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Series: A Bended Family, #3. Price: Free! Words: 23,940. Language: British English. Published: April 25, 2013. Category: Fiction » Young adult or teen » Chick Lit
Harley feels responsible for everything at home. Her twin brother gets away with murder, and her bitchy new stepsister's accustomed chore is dusting the TV! Her mum's getting remarried, and with shockingly little preparation. A thirteen-year-old girl can't organise a wedding - she can barely make toast, let alone *a* toast. Thing is, in a blended family, communication is key...
Double Dates & Single Raisins
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Series: A Bended Family, #2. Price: Free! Words: 22,090. Language: British English. Published: March 6, 2013. Category: Fiction » Young adult or teen » Chick Lit
After a few false leads over the last month, Harley finally knows for sure what's going on with her mum - and she's not happy about it. Nobody is. (Well, except for maybe two and a half people.) Her mates have stars in their eyes over the school talent show, and there have been developments on the pet front making the house feel fit to burst. It's about enough to make a girl iron her head...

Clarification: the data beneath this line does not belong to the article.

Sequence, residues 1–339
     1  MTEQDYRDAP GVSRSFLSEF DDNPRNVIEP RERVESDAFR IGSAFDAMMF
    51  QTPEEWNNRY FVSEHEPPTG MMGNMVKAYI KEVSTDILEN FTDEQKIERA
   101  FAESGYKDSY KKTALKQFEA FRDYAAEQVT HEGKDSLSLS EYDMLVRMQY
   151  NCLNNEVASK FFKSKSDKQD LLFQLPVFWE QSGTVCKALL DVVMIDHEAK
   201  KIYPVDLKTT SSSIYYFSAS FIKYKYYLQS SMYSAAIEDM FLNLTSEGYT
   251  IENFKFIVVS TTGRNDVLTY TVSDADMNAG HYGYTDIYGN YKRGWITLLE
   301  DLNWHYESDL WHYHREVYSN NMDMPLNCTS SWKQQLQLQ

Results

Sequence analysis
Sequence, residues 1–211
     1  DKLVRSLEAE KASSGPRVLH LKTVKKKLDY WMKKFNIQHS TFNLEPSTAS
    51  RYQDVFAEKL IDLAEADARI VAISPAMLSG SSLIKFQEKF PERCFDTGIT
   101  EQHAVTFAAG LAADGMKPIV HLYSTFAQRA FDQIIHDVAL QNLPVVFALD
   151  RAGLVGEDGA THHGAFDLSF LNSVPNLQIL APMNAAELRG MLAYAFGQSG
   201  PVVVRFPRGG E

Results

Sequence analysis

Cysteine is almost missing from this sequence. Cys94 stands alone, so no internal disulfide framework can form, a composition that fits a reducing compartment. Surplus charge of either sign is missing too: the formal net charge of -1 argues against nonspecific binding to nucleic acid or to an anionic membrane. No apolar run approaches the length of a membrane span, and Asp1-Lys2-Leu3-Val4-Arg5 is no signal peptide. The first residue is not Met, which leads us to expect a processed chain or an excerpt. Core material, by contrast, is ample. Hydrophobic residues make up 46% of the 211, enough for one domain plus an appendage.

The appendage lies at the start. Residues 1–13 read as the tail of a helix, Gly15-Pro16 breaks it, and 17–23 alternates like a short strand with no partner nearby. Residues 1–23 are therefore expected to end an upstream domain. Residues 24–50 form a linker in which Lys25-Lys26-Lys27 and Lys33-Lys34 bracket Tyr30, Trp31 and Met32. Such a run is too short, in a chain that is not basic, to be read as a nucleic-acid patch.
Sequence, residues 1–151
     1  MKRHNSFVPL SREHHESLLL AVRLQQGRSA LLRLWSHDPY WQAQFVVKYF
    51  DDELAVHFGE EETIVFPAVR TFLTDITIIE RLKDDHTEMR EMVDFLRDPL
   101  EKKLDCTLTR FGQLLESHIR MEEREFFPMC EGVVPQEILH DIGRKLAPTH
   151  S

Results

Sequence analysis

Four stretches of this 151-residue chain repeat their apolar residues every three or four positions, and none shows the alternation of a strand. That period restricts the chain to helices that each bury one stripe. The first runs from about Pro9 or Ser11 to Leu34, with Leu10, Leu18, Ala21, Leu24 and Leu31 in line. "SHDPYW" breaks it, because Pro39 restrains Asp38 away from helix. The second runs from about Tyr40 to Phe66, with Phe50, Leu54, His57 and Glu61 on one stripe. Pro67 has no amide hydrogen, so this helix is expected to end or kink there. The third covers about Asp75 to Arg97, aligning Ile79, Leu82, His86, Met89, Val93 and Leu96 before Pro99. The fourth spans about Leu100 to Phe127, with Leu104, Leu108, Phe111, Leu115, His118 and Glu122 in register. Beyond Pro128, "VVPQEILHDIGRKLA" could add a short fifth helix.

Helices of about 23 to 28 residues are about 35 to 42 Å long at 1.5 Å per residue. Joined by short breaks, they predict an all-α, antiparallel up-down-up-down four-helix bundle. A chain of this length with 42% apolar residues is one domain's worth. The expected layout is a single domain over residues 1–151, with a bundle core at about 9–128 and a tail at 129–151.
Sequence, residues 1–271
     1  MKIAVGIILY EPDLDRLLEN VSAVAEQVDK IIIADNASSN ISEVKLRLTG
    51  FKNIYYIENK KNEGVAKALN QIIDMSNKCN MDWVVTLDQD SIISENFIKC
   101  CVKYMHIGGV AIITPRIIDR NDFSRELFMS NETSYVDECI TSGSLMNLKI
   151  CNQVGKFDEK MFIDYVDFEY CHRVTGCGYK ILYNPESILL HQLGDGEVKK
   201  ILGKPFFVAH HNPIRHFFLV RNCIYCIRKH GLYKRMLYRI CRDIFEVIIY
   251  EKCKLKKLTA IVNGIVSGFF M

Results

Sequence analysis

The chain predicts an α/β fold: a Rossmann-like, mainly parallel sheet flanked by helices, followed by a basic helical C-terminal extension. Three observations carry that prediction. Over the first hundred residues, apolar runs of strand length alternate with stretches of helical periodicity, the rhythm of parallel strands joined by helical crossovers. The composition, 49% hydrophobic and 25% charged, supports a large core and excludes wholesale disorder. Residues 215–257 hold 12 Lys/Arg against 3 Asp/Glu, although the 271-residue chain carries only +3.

Oops! Did I Forget I Don't Know You?
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Series: A Bended Family, #1. Price: Free! Words: 19,120. Language: British English. Published: February 28, 2013. Category: Fiction » Young adult or teen » Chick Lit
When her favourite cousin Shelley is whisked away to Australia, Harley is not in the mood for a new girl. What's more, her mum's job interviews have started coming at weirder and weirder times of ... night, and she's worried there might be a man on the scene. Can she plan an ace birthday party for a desperate-to-be-trendy seven year old sis, while keeping close tabs on her mum and brothers?